Note:The United States Conference of Catholic Bishops (USCCB) divides the non-exempt dioceses of the United States (including Alaska, Hawaii, and the U.S. Virgin Islands) into fourteen geographical regions—termed "Bishops' Regions" for the Latin Church provinces—and a fifteenth "region" that consists of the Eastern Catholic eparchies. These regions are not the canonical "ecclesiastical regions" described in canon 433 and 434, but are operated by an elected regional chairman.
This is not a geographical region and it does not consist of ecclesiastical provinces. Instead, it consists exclusively of US branches of various, generally Europe- or Asia-based, particular Eastern Catholic Churches. See the Eastern Catholic Churches section (below) for their particular hierarchies.
Ecclesiastical province of the Ruthenian Catholic Metropolitan Church of Pittsburgh
Ecclesiastical Province of Philadelphia
(Latin and Eastern Churches)
For transcontinental Armenia, Georgia, Cyprus and the Russian Federation, see Europe
No ecclesiastical province, the Latin Church has only the exempt Roman Catholic Archdiocese of Ispahan, directly subject to the Holy See
The conference also includes Eastern Catholic bishops of two churches:
covering transcontinental Turkey, which is not comprised in any Latin ecclesiastical province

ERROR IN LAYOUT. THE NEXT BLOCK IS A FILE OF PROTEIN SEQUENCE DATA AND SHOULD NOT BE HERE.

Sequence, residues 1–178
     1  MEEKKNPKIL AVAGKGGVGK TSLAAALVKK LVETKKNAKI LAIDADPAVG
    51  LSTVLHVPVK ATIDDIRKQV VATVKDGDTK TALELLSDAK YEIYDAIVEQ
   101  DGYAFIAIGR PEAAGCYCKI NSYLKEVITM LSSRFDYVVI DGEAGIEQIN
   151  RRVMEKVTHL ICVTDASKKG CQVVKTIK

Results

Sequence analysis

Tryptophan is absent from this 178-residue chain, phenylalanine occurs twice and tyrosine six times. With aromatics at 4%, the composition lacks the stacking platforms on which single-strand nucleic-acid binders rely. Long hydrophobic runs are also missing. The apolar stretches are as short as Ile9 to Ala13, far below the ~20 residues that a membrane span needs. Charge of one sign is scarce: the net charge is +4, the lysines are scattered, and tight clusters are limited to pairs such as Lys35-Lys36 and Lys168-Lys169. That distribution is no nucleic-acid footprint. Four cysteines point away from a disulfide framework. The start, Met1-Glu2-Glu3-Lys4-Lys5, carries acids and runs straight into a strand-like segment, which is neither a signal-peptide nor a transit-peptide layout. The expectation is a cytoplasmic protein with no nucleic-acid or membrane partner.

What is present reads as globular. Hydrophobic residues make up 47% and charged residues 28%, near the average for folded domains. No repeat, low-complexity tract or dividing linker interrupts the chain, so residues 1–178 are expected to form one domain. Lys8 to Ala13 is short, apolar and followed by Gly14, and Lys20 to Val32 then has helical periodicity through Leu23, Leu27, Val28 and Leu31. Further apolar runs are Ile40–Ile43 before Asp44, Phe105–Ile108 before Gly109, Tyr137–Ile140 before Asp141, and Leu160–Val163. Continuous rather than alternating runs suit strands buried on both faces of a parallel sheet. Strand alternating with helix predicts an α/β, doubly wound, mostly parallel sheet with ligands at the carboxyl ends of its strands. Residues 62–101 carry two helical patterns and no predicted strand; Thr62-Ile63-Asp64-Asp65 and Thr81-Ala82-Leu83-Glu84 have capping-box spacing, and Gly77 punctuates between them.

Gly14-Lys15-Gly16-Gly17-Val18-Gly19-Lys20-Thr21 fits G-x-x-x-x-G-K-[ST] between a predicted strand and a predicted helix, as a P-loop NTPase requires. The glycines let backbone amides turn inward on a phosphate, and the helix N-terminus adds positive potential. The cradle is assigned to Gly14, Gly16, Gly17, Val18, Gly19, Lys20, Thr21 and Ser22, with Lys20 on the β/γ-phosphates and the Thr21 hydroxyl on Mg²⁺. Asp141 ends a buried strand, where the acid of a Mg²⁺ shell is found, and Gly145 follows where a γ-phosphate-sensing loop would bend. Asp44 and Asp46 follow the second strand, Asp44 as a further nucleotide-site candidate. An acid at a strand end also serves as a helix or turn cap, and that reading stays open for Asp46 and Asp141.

Catholic Bishops’ Conference of Bangladesh
includes (italicized) various Eastern Church dioceses, notably Syro-Malankara (an Antiochian Rite) and Syro-Malabar (a Syro-Oriental Rite), either in Eastern provinces of their own particular churches, exempt or (some Syro-Malabar) as suffragans of Roman Catholic Metropolitan Archbishops in their mixed-rite ecclesiastical provinces
Pakistan Catholic Bishops’ Conference (P.C.B.C.)
Episcopal Conference of Vietnam (Hội Đông Giám Mục Việt Nam), at Nha Trang
Note: The United States Minor Outlying Islands (U.S. Minor Islands)—such as Wake, Midway, and Johnston, which are territories of USA—are administered by the US Military Ordinariate (the Archdiocese for the Military Services of the United States), in Washington, D.C.
Note: The Diocese of Honolulu, on and for Hawaii, is a suffragan diocese in the ecclesiastical province of San Francisco (California, USA)
This province covers all of French Polynesia (French overseas collectivity) and the Pitcairn Islands (UK).
Symposium of Episcopal Conferences of Africa and Madagascar (S.E.C.A.M.)
Most national churches are also part of an episcopal conference and a regional (subcontinental) group of those, so we list them geographically :
Regional Episcopal Conference of West Africa (R.E.C.O.W.A.)
The West African subcontinent was previously covered by two language-distinct super-conferences:
Neither country has or is part of any Latin Church province.
However, each country has an Alexandrian rite (like the Egyptian Copts, but in Geez language) Metropolitan particular church 'sui iuris', whose episcopates fully parttake in the joint Episcopal Conference, yet also has its own council of bishops
(?only Latin dioceses) This subcontinent is still covered by two distinct super-conferences:
covers the dioceses in the republic of South Africa, and two neighbouring countries whose only dioceses belong to its provinces Botswana and Swaziland
These retain many Orthodox traditions, even in the hierarchic terminology, such as calling bishoprics Eparchies and archbishoprics Archeparchies.
In many respects they fall outside the competences of the regular Roman Curia, where they are mainly administered by a special Congregation for the Oriental Churches